First Reprogrammable Quantum Computer To Bring In New Age Of Technology
According to a new study, researchers at the Joint Quantum Institute (JQI) at the University of Maryland have created the first programmable and reprogrammable quantum computer. This new study is expected to help the scientists to run numerous complex simulations and can generate quick resolutions to complicated calculations in comparison to conventional computers.
The newly developed quantum computer is only made from five atoms, and is one of the significant steps leading towards developing new devices.
“We tried to make a quantum processor of five qubits with trapped ions that is reconfigurable, and by that I mean that you can literally program algorithms into it,” Shantanu Debnath, an optical engineer, a quantum physicist at University of Maryland and the lead author of the Nature paper, from the US University told WIRED.
Debnath calls it a fundamental building block en route for large scale devices.
The academics were able to implement the quantum algorithms using laser pulses, which can be turned on and off. “It’s really the flexibility that we are aiming towards and we have done,” he said.
Debnath explains: “We demonstrated this by implementing four different algorithms and we are running more right now. In trapped ions, or any other computing platform, this had not been done before”.
The device is made up of five pieces of quantum information – known as qubits. Traditionally bits can only ever be in the state of 0 or 1, but a qubit can be a supposition of both. Quantum computing holds the logic of “superpositions” which divides it from traditional computers. This means that atoms, for example, can swirl in two opposite directions at the same time.
That kind of superposition makes quantum computing fundamentally different from traditional computers. Classical computers represent data as 1’s and 0’s, binary digits known as “bits” and represented by flicking switch-like transistors either on or off. On the other hand, quantum computers, use qubits that are in superpositions, which means that they are simultaneously on and off. This enables a qubit to basically perform two calculations at the same time.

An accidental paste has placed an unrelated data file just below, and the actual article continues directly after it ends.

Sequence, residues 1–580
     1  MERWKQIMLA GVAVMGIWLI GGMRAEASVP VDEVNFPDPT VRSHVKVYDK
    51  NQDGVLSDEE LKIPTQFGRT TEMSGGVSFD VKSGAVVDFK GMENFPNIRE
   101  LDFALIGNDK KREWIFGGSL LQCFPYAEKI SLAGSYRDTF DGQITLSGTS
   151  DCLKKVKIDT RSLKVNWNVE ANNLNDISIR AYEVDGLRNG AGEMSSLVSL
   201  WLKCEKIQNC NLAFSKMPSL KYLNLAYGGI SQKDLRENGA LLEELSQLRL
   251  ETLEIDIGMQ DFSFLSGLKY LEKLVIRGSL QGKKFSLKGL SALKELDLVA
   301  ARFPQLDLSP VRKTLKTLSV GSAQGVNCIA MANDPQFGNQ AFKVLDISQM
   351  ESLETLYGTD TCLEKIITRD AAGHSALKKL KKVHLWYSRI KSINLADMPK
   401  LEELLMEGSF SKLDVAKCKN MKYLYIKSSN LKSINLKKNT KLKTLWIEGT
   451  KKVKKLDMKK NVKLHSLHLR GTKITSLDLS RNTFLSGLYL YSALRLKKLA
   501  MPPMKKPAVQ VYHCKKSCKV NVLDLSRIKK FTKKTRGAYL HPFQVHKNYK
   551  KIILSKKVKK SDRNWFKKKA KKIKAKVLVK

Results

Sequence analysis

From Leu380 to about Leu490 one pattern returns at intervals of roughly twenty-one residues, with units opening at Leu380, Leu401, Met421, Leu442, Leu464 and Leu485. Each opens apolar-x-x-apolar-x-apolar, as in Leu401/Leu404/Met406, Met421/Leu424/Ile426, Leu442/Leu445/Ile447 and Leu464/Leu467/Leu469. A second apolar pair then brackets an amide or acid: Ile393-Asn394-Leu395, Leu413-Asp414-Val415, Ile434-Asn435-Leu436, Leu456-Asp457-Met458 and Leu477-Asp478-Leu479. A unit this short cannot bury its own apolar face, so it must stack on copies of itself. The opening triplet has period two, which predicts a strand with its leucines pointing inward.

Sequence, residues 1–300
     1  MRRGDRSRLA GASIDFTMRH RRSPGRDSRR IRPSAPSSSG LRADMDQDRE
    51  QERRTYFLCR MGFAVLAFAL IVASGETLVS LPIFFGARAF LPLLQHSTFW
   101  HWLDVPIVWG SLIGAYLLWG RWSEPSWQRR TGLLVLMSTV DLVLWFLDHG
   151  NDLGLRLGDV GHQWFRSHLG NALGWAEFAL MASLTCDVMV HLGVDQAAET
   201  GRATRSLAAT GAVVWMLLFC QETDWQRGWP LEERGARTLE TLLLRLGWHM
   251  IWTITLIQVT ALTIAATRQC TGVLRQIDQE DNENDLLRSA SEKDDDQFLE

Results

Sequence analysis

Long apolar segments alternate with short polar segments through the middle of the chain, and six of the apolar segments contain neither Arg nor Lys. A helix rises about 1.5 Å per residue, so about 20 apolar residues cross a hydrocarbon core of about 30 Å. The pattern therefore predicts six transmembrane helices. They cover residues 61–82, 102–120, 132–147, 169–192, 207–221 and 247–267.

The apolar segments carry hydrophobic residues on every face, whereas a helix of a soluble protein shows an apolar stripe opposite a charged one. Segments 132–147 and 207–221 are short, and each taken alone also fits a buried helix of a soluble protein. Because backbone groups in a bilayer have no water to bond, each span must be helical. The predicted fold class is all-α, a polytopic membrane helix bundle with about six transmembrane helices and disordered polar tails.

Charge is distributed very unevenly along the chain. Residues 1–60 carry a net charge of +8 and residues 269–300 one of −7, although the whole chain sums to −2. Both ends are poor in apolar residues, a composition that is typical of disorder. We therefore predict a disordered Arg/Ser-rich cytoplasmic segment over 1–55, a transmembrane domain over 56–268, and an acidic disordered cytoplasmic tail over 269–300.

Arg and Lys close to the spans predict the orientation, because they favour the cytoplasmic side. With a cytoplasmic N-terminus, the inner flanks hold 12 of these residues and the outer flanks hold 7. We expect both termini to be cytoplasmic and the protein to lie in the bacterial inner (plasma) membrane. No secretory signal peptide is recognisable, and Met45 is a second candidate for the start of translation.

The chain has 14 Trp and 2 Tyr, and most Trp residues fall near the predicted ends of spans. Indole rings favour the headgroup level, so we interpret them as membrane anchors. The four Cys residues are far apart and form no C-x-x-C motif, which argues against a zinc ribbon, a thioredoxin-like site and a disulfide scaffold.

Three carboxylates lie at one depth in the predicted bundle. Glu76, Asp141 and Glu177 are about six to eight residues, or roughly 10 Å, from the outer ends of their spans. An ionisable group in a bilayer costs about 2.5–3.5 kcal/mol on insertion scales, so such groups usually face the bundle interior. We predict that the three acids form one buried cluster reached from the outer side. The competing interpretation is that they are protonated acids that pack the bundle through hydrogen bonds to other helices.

While many groups in the past have developed small quantum computing devices, most of these have only been hard-wired to solve a single problem, and any reprogramming requires complex physics. However, this new device is diverse and easily programmable.
The researchers were able to use algorithms to perform a mathematical calculation in a single step, which a conventional computer would take several steps to complete the same tasks.
“The team implements three quantum algorithms using their systems, demonstrating the power of their control techniques,” Andrew Daley, from the University of Strathclyde physics department, told WIRED. “It’s really nice to see this being done with trapped ions, and provides an exciting platform for future developments,” said the independent researcher.
Researchers are now working on the next step which is to shrink the system to make it more compressed. “The next step is to miniaturise the system; to come up with a compact version,” Debnath explains. “This means improving the ion trap, improving the way you deliver the lasers and all your controls into the system. Also, to scale it up and have more qubits in the processor.”
The research has been published in Nature.